Norman is a curmudgeon with an estranged relationship with his daughter Chelsea. At Golden Pond, he and his wife nevertheless agree to care for Billy, the son of Chelsea's new boyfriend, and a most unexpected relationship blooms.
The loons are back again on Golden Pond and so are Norman Thayer, a retired professor, and Ethel who have had a summer cottage there since early in their marriage. This summer their daughter Chelsea -- whom they haven't seen for years -- feels she must be there for Norman's birthday. She and her fiance are on their way to Europe the next day but will be back in a couple of weeks to pick up the fiance's son. When she returns Chelsea is married and her stepson has the relationship with her father that she always wanted. Will father and daughter be able to communicate at last? Written by
Dale O'Connor <email@example.com>
Henry Fonda (Norman Thayer, Jr.) and Jane Fonda (Chelsea Thayer Wayne) were the first parent and child to receive Academy Award acting nominations for the same film. This was for Best Actor and Best Supporting Actress respectively. The only other time that this has happened was when Diane Ladd and Laura Dern were both later Oscar nominated for Rambling Rose (1991). See more »
There are windows on the landing of the stairway up to the second floor. When Chelsea and her new boyfriend the dentist and the dentist's son arrive it's dark outside. But sunshine is coming through the windows on the landing. Whereas all other windows are showing dark. And the time is verified that it is dark outside when Chelsea comes into the house and greets her father. See more »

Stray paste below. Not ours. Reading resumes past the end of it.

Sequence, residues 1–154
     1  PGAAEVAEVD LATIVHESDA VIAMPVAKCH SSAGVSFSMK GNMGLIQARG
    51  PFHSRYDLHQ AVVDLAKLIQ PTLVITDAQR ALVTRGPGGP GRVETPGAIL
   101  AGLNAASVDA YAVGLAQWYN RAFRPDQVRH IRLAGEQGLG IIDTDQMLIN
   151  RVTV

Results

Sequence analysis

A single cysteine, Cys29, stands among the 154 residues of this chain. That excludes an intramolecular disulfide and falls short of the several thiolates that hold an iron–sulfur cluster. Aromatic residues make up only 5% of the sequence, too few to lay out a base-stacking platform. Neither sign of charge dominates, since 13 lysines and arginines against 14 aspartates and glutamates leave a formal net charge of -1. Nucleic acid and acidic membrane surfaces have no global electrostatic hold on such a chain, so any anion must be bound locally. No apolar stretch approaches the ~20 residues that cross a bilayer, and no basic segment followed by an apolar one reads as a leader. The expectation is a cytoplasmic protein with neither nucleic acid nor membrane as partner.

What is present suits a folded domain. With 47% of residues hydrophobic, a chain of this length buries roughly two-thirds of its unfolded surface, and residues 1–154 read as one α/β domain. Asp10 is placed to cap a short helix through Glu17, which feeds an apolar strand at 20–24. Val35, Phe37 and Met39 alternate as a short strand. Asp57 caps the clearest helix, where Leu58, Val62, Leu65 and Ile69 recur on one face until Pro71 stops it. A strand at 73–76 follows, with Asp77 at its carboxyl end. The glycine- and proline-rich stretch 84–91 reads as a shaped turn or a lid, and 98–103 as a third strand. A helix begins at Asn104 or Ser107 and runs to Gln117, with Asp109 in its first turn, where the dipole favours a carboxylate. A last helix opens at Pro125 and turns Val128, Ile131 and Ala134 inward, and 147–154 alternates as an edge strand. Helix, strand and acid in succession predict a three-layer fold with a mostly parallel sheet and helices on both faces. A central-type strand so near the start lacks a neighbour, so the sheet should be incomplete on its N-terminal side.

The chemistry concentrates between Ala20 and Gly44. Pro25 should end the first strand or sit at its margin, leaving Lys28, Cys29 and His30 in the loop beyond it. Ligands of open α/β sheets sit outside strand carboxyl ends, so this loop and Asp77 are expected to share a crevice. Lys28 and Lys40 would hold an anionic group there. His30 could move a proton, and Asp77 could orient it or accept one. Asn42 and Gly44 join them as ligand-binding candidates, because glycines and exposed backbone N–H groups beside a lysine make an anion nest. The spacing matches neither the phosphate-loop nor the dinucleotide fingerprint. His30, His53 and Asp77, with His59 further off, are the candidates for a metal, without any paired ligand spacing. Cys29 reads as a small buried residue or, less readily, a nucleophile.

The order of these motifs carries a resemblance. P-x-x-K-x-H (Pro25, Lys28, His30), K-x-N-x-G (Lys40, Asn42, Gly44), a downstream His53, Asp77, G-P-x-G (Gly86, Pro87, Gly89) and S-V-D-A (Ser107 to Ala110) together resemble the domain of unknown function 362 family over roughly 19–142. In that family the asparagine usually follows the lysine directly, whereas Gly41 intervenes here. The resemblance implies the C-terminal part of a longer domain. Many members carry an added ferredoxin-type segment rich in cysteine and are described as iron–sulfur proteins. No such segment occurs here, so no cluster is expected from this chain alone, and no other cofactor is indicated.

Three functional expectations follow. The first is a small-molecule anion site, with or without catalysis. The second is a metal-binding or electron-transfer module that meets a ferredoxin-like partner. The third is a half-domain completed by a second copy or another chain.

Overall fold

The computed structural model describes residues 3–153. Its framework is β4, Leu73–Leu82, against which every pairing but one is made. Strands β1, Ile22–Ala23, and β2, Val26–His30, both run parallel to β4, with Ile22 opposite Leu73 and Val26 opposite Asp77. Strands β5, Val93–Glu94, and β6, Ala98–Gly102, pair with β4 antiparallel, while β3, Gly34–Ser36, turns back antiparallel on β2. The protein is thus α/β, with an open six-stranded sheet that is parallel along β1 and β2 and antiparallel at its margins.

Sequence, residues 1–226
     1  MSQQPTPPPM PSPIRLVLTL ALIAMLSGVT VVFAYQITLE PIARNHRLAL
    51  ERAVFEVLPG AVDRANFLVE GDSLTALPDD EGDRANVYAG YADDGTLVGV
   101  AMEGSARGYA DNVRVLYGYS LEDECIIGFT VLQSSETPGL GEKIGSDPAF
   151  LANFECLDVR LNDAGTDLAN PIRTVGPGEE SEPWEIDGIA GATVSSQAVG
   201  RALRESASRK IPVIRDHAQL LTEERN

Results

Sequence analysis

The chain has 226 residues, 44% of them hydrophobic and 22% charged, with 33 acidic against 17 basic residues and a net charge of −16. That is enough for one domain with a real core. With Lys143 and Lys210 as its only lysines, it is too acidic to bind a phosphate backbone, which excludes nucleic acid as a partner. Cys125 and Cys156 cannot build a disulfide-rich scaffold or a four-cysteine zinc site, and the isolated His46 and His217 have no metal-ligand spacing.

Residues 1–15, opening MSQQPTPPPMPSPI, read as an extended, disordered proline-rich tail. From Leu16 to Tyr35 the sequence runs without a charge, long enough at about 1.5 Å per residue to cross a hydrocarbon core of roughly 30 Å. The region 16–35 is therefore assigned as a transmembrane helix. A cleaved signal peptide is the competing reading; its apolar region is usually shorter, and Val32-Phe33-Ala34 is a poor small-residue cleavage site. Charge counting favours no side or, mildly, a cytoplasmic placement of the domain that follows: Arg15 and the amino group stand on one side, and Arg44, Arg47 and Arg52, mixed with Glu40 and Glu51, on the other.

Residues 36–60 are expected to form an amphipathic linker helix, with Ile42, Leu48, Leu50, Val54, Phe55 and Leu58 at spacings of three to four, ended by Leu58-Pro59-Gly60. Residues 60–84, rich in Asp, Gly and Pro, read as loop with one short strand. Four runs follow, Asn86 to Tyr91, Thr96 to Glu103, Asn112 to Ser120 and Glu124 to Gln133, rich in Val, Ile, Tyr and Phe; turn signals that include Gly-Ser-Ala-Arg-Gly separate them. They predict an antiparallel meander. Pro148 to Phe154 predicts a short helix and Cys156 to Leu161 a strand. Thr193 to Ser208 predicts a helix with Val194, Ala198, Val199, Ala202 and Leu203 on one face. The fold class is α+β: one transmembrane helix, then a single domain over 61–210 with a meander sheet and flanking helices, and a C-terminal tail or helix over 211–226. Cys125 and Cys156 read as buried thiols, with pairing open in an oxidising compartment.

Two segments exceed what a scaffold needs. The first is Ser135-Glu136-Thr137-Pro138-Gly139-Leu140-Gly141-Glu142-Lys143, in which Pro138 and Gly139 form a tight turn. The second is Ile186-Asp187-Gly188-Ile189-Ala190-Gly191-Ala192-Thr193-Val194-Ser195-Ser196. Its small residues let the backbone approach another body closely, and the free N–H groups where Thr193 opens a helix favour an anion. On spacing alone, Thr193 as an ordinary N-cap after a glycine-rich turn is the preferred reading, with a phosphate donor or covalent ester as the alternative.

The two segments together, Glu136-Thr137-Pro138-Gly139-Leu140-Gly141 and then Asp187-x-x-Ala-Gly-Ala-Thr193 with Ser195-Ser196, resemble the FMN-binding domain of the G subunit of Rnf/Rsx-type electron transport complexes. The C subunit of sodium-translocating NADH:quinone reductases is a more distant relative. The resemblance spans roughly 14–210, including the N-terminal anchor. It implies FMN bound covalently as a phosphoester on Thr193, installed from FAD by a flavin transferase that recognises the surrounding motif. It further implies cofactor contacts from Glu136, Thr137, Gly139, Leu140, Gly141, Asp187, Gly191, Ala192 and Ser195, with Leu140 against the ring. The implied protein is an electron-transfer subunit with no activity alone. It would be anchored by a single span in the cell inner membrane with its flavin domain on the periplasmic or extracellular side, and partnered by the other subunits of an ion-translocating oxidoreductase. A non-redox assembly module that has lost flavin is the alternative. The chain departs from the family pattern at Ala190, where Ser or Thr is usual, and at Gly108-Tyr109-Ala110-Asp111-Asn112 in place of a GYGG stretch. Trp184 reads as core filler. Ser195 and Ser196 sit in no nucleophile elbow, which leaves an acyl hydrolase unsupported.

You know, Norman, you really are the sweetest man in the world, but I'm the only one who knows it.
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This film is just so nice to watch. The plot is fairly simple, as is the direction. The script just serves as the frame for Hepburn and Fonda.
To say their performances are out of this world is probably the wrong way to say it. They are just so gentle and sweet. This film convinced me of their sheer quality.
They had made only a handful of films between them over the last decade or so. To come out of retirement and do something like that is unbelievable. I can only assume that their performances are so similar to what they are in real life that it wasn't really acting.
If you are at all a fan of Fonda or Hepburn, you must see this film. You must see it. It will put you in a better mood.
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